City Desk

Five Things Washington (and Seattle) Learned From Legalizing Pot

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1. Your city won’t implode—at least, ours didn’t. Before Washington state and Colorado legalized pot last fall, Seattle voters back in 2003 made pot possession crimes the city’s “lowest priority.” Arrests fell significantly. Prosecutors had warned us, of course, that kids would get hooked, stoners would flood treatment centers, and pot-related crimes would rise (pot-induced Cheeto raids?). But a city study found none of those things happened. Instead, cops had slightly more time for other work. By demonstrating that these laws function as intended—in our Washington and perhaps in yours—jurisdictions may be paving the way toward a new national pot policy.

2. Nonetheless, brace yourself for hyperventilating rhetoric during the debate. Folks on both sides, cops and stoners, will squabble, but at least they agree on one thing: donuts.

3. Some lefty leaders will act like pot is radioactive. They may not flinch at scandals involving a dozen drunk hookers, but they’ll scorn legalization because they “don’t want to send a bad message to children.” Then, after pot is legal, they’ll laud legalization as a progressive victory and ask you to give them money.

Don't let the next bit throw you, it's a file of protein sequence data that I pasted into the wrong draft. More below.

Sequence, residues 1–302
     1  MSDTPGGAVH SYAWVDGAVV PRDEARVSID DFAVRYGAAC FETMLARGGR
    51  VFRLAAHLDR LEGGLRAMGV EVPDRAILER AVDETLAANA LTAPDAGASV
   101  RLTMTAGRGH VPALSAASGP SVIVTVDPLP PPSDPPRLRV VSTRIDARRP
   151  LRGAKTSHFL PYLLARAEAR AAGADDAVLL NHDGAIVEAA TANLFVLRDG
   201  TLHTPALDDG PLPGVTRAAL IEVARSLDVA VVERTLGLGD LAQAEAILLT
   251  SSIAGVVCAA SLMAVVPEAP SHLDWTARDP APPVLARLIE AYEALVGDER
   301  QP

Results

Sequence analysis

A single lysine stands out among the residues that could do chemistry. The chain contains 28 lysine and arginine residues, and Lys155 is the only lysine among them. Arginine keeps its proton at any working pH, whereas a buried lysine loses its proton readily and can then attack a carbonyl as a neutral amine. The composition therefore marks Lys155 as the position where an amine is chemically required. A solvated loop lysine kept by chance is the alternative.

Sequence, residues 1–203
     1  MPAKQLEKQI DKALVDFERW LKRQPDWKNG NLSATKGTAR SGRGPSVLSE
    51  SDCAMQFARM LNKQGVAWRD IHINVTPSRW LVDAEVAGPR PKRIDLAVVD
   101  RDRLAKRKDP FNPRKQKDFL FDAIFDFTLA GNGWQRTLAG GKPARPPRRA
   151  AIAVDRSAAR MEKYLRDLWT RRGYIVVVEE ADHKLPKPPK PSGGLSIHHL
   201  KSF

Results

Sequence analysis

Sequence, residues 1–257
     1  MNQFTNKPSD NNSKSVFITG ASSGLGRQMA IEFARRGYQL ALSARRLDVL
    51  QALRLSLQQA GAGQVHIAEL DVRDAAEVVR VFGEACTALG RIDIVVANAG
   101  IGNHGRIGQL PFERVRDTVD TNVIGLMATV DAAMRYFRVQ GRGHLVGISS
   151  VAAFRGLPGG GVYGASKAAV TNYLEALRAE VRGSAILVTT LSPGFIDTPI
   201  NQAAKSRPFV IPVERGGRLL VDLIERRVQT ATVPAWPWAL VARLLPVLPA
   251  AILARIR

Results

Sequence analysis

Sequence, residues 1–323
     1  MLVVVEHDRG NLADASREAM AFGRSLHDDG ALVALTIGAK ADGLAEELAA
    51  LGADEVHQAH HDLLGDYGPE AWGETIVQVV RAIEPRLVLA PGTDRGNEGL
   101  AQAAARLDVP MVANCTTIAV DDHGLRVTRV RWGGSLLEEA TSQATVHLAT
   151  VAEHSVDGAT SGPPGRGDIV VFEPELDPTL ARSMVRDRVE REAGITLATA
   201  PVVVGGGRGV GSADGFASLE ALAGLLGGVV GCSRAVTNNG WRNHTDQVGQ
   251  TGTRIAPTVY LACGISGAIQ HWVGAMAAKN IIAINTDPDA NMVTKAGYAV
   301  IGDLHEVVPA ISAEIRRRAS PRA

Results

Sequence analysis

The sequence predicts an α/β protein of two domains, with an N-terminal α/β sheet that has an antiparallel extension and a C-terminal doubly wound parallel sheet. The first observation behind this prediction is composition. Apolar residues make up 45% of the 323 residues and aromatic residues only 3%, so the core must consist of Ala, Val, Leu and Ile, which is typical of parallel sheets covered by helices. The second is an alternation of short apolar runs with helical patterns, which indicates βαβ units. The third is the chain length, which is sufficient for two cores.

4. People will also stop going to jail for pot—seems obvious but still unbelievable when it happens—and, naturally, your city will sometimes smell like pot, even more than it already does. On Friday nights, Seattle streets smell like a Jefferson Airplane concert.

5. But watch out, potheads. Decriminalizing pot possession is only half the issue; growing and selling pot will remain a sticky, felonious wicket. Plus, all pot offenses remain illegal on federal property—in the state of Washington, we’ve seen people busted in national parks—and D.C. has, um, lots of federal property. So you can still get busted carrying that joint across the National Mall. Or in Dupont Circle, for that matter.

Photo via Flickr user Once upon a time, Creative Commons license

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